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December 2, 2014

Jonathan Tobin: Defending the Right to a Jewish State

Heather Hale: Compliment your kids without giving them big heads

Megan Shauri: 10 ways you are ruining your own happiness

Carolyn Bigda: 8 Best Dividend Stocks for 2015

Kiplinger's Personal Finance editors: 7 Things You Didn't Know About Paying Off Student Loans

Samantha Olson: The Crucial Mistake 55% Of Parents Are Making At Their Baby's Bedtime

Densie Well, Ph.D., R.D. Open your eyes to yellow vegetables

The Kosher Gourmet by Megan Gordon With its colorful cache of purples and oranges and reds, COLLARD GREEN SLAW is a marvelous mood booster --- not to mention just downright delish
April 18, 2014

Rabbi Yonason Goldson: Clarifying one of the greatest philosophical conundrums in theology

Caroline B. Glick: The disappearance of US will

Megan Wallgren: 10 things I've learned from my teenagers

Lizette Borreli: Green Tea Boosts Brain Power, May Help Treat Dementia

John Ericson: Trying hard to be 'positive' but never succeeding? Blame Your Brain

The Kosher Gourmet by Julie Rothman Almondy, flourless torta del re (Italian king's cake), has royal roots, is simple to make, . . . but devour it because it's simply delicious

April 14, 2014

Rabbi Dr Naftali Brawer: Passover frees us from the tyranny of time

Greg Crosby: Passing Over Religion

Eric Schulzke: First degree: How America really recovered from a murder epidemic

Georgia Lee: When love is not enough: Teaching your kids about the realities of adult relationships

Cameron Huddleston: Freebies for Your Lawn and Garden

Gordon Pape: How you can tell if your financial adviser is setting you up for potential ruin

Dana Dovey: Up to 500,000 people die each year from hepatitis C-related liver disease. New Treatment Has Over 90% Success Rate

Justin Caba: Eating Watermelon Can Help Control High Blood Pressure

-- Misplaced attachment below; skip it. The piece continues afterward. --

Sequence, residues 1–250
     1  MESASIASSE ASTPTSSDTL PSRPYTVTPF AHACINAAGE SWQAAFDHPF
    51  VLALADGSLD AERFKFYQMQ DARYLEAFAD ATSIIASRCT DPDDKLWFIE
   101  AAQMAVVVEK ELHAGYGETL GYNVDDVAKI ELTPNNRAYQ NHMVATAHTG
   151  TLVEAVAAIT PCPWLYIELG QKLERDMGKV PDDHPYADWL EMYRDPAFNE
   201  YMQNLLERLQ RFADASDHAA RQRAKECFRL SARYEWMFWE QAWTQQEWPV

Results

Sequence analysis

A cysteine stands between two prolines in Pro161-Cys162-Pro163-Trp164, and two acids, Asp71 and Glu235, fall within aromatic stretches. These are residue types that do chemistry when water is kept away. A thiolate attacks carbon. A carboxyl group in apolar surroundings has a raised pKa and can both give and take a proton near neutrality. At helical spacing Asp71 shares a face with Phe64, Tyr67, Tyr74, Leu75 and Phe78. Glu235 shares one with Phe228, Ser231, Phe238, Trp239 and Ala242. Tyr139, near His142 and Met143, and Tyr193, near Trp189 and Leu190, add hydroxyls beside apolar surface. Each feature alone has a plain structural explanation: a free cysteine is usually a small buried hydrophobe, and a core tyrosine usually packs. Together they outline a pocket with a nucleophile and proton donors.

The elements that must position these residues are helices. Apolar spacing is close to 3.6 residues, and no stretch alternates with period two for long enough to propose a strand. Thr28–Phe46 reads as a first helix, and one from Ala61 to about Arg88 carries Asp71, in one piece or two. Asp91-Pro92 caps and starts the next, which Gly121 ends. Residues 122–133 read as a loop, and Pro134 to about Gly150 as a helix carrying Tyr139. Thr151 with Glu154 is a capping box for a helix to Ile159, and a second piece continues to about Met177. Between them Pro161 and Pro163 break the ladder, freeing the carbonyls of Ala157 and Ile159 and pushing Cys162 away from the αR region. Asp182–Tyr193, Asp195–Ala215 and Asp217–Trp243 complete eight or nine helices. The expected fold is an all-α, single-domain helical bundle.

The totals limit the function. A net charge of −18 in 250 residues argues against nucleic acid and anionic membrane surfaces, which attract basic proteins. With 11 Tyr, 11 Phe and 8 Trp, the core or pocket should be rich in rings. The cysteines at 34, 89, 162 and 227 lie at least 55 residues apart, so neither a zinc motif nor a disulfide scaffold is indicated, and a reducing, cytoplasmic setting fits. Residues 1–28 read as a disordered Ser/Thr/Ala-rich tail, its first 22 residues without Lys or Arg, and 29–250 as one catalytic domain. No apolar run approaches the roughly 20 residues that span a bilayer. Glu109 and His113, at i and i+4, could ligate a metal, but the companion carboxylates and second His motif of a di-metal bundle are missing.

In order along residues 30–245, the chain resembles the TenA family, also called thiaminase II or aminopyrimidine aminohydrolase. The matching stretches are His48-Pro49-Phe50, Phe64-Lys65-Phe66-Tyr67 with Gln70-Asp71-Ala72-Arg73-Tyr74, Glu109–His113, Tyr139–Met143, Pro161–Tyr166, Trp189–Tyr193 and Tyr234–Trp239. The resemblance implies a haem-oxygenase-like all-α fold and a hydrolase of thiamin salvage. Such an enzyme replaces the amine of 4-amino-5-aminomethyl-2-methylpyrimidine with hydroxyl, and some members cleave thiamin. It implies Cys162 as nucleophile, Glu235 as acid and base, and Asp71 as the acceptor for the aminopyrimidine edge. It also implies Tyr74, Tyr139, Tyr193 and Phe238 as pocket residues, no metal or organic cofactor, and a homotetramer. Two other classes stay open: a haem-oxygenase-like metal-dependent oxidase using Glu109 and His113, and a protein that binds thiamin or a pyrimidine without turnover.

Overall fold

The Kosher Gourmet by Joshua E. London and Lou Marmon Don't dare pass over these Pesach picks for Manischewitz!

April 11, 2014

Rabbi Hillel Goldberg: Silence is much more than golden

Caroline B. Glick: Forgetting freedom at Passover

Susan Swann: How to value a child for who he is, not just what he does

Cameron Huddleston: 7 Financial Tasks You Should Tackle Right Now

Sandra Block and Lisa Gerstner: How to Profit From Your Passion

Susan Scutti: A Simple Blood Test Might Soon Diagnose Cancer

Chris Weller: Have A Slow Metabolism? Let Science Speed It Up For You

The Kosher Gourmet by Diane Rossen Worthington Whitefish Terrine: A French take on gefilte fish

April 9, 2014

Jonathan Tobin: Why Did Kerry Lie About Israeli Blame?

Samuel G. Freedman: A resolution 70 years later for a father's unsettling legacy of ashes from Dachau

Jessica Ivins: A resolution 70 years later for a father's unsettling legacy of ashes from Dachau

Kim Giles: Asking for help is not weakness

Kathy Kristof and Barbara Hoch Marcus: 7 Great Growth Israeli Stocks

Matthew Mientka: How Beans, Peas, And Chickpeas Cleanse Bad Cholesterol and Lowers Risk of Heart Disease

Sabrina Bachai: 5 At-Home Treatments For Headaches

The Kosher Gourmet by Daniel Neman Have yourself a matzo ball: The secrets bubby never told you and recipes she could have never imagined

April 8, 2014

Lori Nawyn: At Your Wit's End and Back: Finding Peace

Susan B. Garland and Rachel L. Sheedy: Strategies Married Couples Can Use to Boost Benefits

David Muhlbaum: Smart Tax Deductions Non-Itemizers Can Claim

Jill Weisenberger, M.S., R.D.N., C.D.E : Before You Lose Your Mental Edge

Dana Dovey: Coffee Drinkers Rejoice! Your Cup Of Joe Can Prevent Death From Liver Disease

Chris Weller: Electric 'Thinking Cap' Puts Your Brain Power Into High Gear

The Kosher Gourmet by Marlene Parrish A gift of hazelnuts keeps giving --- for a variety of nutty recipes: Entree, side, soup, dessert

April 4, 2014

Rabbi David Gutterman: The Word for Nothing Means Everything

Charles Krauthammer: Kerry's folly, Chapter 3

Amy Peterson: A life of love: How to build lasting relationships with your children

John Ericson: Older Women: Save Your Heart, Prevent Stroke Don't Drink Diet

John Ericson: Why 50 million Americans will still have spring allergies after taking meds

Cameron Huddleston: Best and Worst Buys of April 2014

Stacy Rapacon: Great Mutual Funds for Young Investors

Sarah Boesveld: Teacher keeps promise to mail thousands of former students letters written by their past selves

The Kosher Gourmet by Sharon Thompson Anyone can make a salad, you say. But can they make a great salad? (SECRETS, TESTED TECHNIQUES + 4 RECIPES, INCLUDING DRESSINGS)

April 2, 2014

Paul Greenberg: Death and joy in the spring

Dan Barry: Should South Carolina Jews be forced to maintain this chimney built by Germans serving the Nazis?

Mayra Bitsko: Save me! An alien took over my child's personality

Frank Clayton: Get happy: 20 scientifically proven happiness activities

Susan Scutti: It's Genetic! Obesity and the 'Carb Breakdown' Gene